Clear dead cells and cure lung fibrosis
Exposure to various inhaled air toxins like cigarette smoke, chemicals, drugs and so on, increase incidence and severity of chronic lung diseases including asthma and idiopathic pulmonary fibrosis (IPF). Progression of lung fibrosis characterized by tissue thickness and stiffness, increases disease severity and mortality. Environmental toxins damage airway epithelial cells and induce cell death. When immune cells don’t clear dead cells in the airways properly, this can cause severe fibrosis.
We hypothesize that by clearing dead cells, immune cells acquire suppressive ability and inhibit the progression of lung fibrosis. Our aim is to determine the mechanism by which airway immune cells acquire a suppressive ability, called ‘tolerance’ after dead cell clearance; and find the molecular target for the treatment of asthma and IPF.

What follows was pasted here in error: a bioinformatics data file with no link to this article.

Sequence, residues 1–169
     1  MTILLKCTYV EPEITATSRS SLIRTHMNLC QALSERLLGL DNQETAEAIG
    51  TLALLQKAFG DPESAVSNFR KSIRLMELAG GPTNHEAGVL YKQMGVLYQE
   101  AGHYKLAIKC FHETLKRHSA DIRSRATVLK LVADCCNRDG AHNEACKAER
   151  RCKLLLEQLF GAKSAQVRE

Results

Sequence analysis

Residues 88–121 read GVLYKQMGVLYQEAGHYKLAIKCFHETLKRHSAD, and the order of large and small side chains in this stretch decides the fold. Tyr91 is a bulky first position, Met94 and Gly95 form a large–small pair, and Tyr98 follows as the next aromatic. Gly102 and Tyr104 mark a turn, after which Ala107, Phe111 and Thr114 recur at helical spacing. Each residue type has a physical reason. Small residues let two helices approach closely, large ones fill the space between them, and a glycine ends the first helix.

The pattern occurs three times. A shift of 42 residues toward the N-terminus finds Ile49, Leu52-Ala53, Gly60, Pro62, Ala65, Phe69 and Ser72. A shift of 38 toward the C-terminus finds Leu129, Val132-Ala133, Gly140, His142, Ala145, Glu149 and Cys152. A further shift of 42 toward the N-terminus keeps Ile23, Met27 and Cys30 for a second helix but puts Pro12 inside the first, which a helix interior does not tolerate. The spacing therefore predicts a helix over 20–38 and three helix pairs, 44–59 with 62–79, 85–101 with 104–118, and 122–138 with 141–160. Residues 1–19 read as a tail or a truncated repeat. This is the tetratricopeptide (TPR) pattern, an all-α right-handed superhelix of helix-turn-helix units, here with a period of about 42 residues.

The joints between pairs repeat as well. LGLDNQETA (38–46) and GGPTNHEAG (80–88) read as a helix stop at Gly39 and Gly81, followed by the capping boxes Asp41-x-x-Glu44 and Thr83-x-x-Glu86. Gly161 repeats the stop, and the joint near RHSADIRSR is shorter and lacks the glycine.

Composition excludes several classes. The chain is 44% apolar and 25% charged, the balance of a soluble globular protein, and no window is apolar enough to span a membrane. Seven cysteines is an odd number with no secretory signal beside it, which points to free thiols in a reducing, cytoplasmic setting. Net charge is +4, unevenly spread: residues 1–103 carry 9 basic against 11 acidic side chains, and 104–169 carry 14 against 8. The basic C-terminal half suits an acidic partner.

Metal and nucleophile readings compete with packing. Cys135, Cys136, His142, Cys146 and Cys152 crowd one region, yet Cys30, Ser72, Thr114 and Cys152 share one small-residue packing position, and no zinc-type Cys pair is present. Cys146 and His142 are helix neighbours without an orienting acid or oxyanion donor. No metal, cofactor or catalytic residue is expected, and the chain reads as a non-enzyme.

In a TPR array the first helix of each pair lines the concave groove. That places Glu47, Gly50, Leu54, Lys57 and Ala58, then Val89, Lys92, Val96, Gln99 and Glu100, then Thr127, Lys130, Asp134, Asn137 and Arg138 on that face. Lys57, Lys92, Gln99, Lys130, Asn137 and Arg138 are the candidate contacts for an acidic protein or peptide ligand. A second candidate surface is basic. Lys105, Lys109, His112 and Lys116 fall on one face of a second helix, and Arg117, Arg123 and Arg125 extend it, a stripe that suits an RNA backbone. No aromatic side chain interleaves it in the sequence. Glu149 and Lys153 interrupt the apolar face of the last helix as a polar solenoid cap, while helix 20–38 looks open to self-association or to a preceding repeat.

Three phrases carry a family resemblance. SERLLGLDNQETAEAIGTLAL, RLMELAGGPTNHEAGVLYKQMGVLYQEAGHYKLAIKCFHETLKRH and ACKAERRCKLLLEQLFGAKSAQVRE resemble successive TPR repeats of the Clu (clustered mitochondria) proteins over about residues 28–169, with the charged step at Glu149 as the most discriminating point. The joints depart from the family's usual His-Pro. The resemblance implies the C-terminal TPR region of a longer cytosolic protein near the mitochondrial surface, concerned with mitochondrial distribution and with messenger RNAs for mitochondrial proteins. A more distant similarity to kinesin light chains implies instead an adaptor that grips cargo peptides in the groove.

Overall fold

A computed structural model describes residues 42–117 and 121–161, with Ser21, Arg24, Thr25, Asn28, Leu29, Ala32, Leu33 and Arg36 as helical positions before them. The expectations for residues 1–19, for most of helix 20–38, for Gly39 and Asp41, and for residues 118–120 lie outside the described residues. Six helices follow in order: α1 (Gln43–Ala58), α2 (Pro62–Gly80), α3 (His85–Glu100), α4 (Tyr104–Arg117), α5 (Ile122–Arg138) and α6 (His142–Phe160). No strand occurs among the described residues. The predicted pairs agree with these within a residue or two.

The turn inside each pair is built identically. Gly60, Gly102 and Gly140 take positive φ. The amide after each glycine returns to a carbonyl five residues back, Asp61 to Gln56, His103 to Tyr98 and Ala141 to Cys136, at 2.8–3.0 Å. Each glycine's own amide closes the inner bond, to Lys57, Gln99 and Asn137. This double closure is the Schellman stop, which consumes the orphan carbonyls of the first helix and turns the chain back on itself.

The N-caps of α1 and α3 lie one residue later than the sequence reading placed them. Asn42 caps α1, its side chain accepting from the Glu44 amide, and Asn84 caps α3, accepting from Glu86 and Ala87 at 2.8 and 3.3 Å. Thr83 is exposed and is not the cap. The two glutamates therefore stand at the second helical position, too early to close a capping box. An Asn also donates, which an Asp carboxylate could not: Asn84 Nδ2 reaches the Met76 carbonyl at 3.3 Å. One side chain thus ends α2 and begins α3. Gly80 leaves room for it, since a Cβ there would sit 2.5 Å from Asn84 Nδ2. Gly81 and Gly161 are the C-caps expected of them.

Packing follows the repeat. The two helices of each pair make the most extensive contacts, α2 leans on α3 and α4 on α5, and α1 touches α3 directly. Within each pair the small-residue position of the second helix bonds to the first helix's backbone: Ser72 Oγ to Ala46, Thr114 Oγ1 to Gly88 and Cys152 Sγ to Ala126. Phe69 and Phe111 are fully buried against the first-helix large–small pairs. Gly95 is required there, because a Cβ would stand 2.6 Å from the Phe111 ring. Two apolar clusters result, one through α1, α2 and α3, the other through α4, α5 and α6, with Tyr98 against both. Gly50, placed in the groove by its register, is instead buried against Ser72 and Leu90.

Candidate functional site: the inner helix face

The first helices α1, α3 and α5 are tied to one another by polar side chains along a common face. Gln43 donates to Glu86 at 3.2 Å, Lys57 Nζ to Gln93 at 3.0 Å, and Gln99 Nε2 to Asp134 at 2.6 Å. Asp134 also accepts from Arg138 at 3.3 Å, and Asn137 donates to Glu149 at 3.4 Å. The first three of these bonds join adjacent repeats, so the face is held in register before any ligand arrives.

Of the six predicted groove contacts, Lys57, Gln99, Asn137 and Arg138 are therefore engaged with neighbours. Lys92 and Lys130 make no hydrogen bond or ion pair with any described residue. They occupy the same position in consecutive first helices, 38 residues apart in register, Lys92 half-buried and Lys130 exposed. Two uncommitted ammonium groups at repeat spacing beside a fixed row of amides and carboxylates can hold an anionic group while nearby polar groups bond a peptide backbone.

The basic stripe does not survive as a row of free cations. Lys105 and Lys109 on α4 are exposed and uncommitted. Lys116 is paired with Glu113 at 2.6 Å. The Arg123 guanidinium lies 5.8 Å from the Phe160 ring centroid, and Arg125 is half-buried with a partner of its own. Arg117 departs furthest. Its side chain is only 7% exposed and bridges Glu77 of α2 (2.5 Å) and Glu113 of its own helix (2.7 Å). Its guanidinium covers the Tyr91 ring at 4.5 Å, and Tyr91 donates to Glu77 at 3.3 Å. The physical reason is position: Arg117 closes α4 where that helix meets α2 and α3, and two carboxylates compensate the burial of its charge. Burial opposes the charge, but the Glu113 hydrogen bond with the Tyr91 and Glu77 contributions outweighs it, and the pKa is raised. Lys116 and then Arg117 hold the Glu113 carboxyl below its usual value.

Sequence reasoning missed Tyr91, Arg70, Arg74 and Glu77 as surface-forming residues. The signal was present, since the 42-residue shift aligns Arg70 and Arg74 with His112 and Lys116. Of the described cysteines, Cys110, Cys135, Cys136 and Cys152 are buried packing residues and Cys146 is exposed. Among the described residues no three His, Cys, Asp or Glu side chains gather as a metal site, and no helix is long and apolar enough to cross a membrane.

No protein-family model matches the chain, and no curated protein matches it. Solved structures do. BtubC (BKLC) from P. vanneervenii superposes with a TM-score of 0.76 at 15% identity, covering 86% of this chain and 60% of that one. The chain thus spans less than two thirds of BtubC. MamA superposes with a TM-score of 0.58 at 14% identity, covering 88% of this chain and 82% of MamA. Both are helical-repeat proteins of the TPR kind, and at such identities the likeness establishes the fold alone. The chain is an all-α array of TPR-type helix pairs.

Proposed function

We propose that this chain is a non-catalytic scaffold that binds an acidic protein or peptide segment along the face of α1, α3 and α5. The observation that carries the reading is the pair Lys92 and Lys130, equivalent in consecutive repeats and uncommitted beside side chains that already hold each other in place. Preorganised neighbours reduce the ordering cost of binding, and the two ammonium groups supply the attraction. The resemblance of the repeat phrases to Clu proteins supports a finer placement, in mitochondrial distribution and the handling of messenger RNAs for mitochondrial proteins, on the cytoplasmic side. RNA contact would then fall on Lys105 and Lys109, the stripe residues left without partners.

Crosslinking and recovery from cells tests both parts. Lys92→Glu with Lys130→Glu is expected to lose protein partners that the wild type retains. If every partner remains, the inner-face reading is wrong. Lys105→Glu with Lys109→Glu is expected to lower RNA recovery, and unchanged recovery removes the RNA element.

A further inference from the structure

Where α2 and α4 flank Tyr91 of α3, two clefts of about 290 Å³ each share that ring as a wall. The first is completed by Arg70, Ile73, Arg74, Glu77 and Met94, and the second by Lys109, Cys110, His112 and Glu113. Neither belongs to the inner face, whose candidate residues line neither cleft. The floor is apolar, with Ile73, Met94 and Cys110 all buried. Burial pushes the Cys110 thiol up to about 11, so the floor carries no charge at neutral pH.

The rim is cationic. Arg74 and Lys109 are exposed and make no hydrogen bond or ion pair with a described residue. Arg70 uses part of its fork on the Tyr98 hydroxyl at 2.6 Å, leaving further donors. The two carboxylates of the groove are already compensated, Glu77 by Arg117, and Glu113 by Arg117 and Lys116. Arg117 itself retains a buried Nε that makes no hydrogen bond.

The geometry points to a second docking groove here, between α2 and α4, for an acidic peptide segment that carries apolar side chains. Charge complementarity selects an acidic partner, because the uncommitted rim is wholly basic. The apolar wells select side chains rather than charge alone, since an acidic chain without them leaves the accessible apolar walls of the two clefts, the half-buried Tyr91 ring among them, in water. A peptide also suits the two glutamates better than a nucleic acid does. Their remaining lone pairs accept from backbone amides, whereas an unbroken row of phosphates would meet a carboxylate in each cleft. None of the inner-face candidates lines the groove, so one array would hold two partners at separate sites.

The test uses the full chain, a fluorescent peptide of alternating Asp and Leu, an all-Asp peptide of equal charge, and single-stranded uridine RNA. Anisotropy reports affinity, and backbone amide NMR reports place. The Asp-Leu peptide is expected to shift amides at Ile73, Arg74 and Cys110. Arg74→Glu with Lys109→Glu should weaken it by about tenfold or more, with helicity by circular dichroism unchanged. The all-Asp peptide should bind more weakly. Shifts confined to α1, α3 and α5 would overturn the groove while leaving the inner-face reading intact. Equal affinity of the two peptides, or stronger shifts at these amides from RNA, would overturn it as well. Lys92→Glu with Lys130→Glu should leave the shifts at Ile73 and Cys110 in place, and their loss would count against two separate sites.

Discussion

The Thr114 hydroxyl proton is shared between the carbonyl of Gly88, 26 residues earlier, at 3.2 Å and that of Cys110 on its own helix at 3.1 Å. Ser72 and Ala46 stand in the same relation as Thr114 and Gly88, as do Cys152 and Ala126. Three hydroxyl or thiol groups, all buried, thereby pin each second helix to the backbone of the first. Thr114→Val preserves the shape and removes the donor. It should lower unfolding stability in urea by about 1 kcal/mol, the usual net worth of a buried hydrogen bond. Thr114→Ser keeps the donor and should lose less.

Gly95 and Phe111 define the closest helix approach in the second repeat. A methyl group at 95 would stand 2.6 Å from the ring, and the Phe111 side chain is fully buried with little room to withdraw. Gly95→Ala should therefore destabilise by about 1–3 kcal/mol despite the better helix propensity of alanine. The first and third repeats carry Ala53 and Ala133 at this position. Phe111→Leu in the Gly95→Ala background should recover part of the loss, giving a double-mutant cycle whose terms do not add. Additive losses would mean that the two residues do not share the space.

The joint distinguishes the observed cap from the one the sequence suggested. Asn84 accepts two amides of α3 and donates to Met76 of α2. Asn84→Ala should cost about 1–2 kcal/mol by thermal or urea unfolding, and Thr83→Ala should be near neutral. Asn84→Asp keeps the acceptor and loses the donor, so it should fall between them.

We will investigate whether boosting these immune cells that live in the lung and clear dead cells, can reduce airway inflammation, in mouse models of asthma and pulmonary fibrosis that mimic the human disease. We will test whether these immune cells of the lung acquire protective capacities after engulfing dead cells. Transcriptomic gene analysis by using RNA sequence technology on lung immune cells engulfing dead cells will be performed, in an attempt to identify novel key regulators of airway tolerance.
We believe these regulatory immune cells maintain airway silence at long term and can be used in asthma or IPF therapies in the clinic. Screening novel targets to act on lung immune cells and promote long term tolerance will stop progression on fibrosis.